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January 07, 2013

We are back

Writing about web page http://www2.warwick.ac.uk/knowledge

Updated: 8 January 2013

Rawson household sketch 1877 Champagne toast

Sketch from a diary entry on the 1 January 1877 showing the New Year's celebrations at the Rawson household at The Hollow near Mackay, Queensland, Australia.


Hopefully you’ve had a pleasant Christmas and New Year sojourn or at the very least a respite from the rigours of the rest of the year. If you’re now looking for informative entertainment that’s more highbrow than ‘That Dog Can Dance’ or less scary than the snowmen in the Doctor Who Christmas special, then the Knowledge Centre is happy to keep giving.

Both the Knowledge Centre and I have our own resolutions for the New Year as, over the next twelve months, we both aim to improve ourselves (although, in the case of the Knowledge Centre, this will be for your benefit and won’t involve a gym membership).

Like all good resolutions, The Knowledge Centre is looking at an evolution rather than a revolution. We will still continue to bring you insights and ideas from academics at the University (starting with Professor Mark Harrison’s discussing the cost of secrecy in the former USSR) and we will cover the major academic events, such as TedxWarwick and One World Week. Nevertheless, we’re looking to broaden our horizons (as well as yours) so we’ll introduce articles around the impacts Warwick, and its academics, make through world leading research, local and global responsibility, medical research and our work with business. While the Knowledge Centre adds these strings to its bow, I hope to teach myself British Sign Language (BSL), learn the guitar and pick up some more work-based skills through the Centre for Lifelong Learning.

During the brief periods when I’ll not be writing, studying or strumming away, I’ll hopefully get a chance to get involved in some of the following highlights I’ve added to my calendar.

January
It’s Oscar time! My money is on Argo for best picture at this year’s Academy Awards. January 20 is also World Religion Day and the following week sees the start of Warwick’s One World Week so there’ll be some interesting events going on around campus for us to report on for the Knowledge Centre.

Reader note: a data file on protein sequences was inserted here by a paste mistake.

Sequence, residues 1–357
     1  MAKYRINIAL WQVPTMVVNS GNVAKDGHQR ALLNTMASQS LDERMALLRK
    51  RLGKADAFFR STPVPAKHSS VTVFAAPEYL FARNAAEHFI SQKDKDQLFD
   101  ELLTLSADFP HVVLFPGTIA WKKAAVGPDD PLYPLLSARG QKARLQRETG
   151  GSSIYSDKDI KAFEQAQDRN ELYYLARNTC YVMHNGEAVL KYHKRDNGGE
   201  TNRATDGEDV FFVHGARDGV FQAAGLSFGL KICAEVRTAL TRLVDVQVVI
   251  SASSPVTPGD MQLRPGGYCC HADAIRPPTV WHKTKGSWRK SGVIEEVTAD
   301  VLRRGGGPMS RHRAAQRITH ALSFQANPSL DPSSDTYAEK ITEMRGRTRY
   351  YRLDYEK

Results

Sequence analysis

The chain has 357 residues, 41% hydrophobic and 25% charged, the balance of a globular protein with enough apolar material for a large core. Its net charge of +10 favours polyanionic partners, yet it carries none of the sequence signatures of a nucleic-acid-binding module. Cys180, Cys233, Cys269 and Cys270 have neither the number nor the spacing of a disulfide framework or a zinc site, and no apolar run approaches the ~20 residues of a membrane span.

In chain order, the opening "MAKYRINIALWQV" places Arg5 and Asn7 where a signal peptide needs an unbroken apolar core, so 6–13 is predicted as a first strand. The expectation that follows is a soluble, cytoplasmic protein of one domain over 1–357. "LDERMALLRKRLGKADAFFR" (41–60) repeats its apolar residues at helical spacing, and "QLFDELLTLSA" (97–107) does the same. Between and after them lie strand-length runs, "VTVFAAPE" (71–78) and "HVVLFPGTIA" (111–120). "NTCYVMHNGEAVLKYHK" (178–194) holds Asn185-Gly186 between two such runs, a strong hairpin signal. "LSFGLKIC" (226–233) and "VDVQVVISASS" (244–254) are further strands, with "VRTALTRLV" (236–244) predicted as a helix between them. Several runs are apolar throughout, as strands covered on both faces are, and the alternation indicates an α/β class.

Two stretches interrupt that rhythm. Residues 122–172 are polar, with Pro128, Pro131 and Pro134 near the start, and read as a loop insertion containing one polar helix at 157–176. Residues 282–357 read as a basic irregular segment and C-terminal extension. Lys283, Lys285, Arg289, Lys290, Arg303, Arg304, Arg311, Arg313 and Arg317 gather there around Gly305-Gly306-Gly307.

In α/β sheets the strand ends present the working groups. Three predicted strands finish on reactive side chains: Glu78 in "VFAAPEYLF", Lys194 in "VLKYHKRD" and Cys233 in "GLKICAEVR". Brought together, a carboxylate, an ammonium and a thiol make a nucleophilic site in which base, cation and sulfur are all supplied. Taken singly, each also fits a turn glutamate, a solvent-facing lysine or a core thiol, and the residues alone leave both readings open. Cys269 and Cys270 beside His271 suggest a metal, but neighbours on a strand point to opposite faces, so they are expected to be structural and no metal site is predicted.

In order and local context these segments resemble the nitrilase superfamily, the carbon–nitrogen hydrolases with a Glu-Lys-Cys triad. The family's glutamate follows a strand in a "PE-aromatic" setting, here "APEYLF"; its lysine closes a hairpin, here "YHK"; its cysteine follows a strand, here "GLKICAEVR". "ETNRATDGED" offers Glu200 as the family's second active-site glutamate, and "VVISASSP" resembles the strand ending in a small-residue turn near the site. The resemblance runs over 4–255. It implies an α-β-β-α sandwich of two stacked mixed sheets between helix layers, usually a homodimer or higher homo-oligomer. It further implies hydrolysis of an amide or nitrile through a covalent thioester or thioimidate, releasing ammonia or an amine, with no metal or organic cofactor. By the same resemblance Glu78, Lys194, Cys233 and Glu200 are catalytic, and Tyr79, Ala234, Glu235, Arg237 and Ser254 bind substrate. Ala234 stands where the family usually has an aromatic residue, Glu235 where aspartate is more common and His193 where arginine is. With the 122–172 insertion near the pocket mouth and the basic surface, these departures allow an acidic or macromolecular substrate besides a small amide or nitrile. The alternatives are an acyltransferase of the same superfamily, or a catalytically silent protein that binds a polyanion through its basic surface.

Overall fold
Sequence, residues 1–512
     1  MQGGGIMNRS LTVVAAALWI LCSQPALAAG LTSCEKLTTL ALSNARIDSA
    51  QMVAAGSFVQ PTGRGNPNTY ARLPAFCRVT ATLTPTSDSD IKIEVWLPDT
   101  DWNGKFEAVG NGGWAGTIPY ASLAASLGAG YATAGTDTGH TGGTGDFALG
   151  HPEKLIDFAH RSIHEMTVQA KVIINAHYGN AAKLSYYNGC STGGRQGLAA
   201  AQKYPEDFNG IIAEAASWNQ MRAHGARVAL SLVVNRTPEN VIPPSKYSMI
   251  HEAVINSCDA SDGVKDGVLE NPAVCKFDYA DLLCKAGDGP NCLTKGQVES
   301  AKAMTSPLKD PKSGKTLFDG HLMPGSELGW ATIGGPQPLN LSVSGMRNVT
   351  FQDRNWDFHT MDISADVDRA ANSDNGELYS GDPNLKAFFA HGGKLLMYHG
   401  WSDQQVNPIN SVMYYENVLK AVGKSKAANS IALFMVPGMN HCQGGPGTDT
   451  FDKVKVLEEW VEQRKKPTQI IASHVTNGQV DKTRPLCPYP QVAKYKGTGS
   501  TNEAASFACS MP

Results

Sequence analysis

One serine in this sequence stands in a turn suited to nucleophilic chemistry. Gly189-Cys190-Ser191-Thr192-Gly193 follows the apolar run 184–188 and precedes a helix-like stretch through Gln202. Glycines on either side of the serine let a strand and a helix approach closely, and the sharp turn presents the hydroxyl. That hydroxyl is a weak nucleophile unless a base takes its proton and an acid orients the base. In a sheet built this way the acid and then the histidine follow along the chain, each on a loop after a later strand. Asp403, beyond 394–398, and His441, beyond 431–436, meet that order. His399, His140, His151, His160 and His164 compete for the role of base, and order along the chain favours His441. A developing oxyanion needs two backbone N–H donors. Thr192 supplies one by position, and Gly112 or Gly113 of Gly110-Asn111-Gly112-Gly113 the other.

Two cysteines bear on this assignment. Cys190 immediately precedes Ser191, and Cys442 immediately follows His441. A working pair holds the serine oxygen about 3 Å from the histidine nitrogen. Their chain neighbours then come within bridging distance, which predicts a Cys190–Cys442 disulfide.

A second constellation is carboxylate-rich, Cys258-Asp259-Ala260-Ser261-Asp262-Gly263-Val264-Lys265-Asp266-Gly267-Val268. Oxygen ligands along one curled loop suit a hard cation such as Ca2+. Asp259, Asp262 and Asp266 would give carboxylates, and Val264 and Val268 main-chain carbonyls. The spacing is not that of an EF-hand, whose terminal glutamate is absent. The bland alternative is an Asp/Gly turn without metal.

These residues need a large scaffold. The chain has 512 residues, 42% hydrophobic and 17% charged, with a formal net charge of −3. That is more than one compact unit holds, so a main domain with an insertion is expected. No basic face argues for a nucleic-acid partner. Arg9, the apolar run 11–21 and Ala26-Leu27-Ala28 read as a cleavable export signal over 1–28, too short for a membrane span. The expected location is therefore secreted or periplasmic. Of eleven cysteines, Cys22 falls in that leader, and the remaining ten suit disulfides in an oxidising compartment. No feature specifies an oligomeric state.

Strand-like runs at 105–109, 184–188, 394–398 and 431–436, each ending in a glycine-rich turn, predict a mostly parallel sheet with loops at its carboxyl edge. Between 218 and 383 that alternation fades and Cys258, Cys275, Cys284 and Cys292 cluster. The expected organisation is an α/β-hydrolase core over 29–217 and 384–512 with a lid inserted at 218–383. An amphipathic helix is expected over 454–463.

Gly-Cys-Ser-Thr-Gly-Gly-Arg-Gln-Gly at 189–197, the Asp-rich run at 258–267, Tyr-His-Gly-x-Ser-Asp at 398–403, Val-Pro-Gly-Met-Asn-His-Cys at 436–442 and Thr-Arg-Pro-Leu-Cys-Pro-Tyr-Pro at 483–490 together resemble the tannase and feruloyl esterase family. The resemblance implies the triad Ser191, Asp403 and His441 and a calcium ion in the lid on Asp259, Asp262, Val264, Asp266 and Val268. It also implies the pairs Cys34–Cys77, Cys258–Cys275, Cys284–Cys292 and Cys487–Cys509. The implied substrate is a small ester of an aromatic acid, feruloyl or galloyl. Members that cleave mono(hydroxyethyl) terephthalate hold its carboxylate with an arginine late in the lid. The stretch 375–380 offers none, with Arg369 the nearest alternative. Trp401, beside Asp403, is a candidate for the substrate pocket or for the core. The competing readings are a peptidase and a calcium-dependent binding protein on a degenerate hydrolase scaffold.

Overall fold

February
Asteroid 9387 ‘Tweedledee’ will make its closest approach to Earth. There’s nothing overtly special about this apart from the asteroid’s cute name.

March
The 120th anniversary of Wilfred Owen’s birth is this month so a trip to his home town of Oswestry might be in order.

And that’s only the first quarter. What are your plans and hopes for the next year? Feel free to post comments below or tweet us @WarwicKnowledge about your own hopes and resolutions for 2013.


November 06, 2012

Lions, and tigers, and bears! Oh, my!

Writing about web page http://www2.warwick.ac.uk/knowledge/about/people/garethjenkins


The wizard of Oz 1939
If I only had the nerve: (L-R) Jack Haley, Ray Bolger, Judy Garland and Bert Lahr (Image c/o Wikimedia Commons)

Have you ever taken part in an ice breaking exercise where you put a few facts about yourself in a hat, leaving your name off so you remain anonymous, and your colleagues take turns picking out the pieces of paper and before guessing who’s who? It’s more fun than it sounds and I’ve got more than my fair share of personal facts to drop in the hat. I’ve lived opposite a tiger (called Mike), I played the cowardly lion in a production of the Wizard of Oz at the Belgrade Theatre Coventry and I’ve been called upon by MTV to be an expert interviewee on al-Qaeda.

They’re all true. One of those items would be enough of an anecdote to get you through a party but I seem to collect stories like other people collect wine. I did a reasonable Bert Lahr impression and survived the tiger encounter (although it’s much less exciting when you know it was in a cage). Unfortunately, my knowledge of Middle Eastern politics is limited and is gained from Channel 4 News and The Observer. It turns out there’s another Gareth Jenkins and he’s also a journalist. He’s an expert on Middle Eastern politics and terrorism and, for obvious reasons, he tends to keep a low profile. Me? I’ve spent my career working with blue chip companies or interviewing celebrities about their favourite cheeses. I also like social media and the web and have a very snazzy website that anyone can find to contact me – including MTV.

It took some time to convince the TV researcher that I wasn’t the Gareth Jenkins she was looking for (it’s surprising difficult to demonstrate that you’re not an expert in a field, especially if the real expert is purposefully keeping a low profile). Oh, and in case you’re wondering, I’m also not the former head coach of the Welsh rugby team either.

Whilst the other Gareth Jenkins’ seemingly have exciting, international lives, I’m reasonably satisfied with mine and where I now find myself. I love writing, I’d say it’s my area of expertise, and it’s great to be working with academics who are just as passionate about the field they’re proficient in. Hopefully, in my time as the Knowledge Centre’s online writer I’ll write something eye catching so I’ll be able to say ‘Yes, I’m that Gareth Jenkins’ when MTV phones up again.


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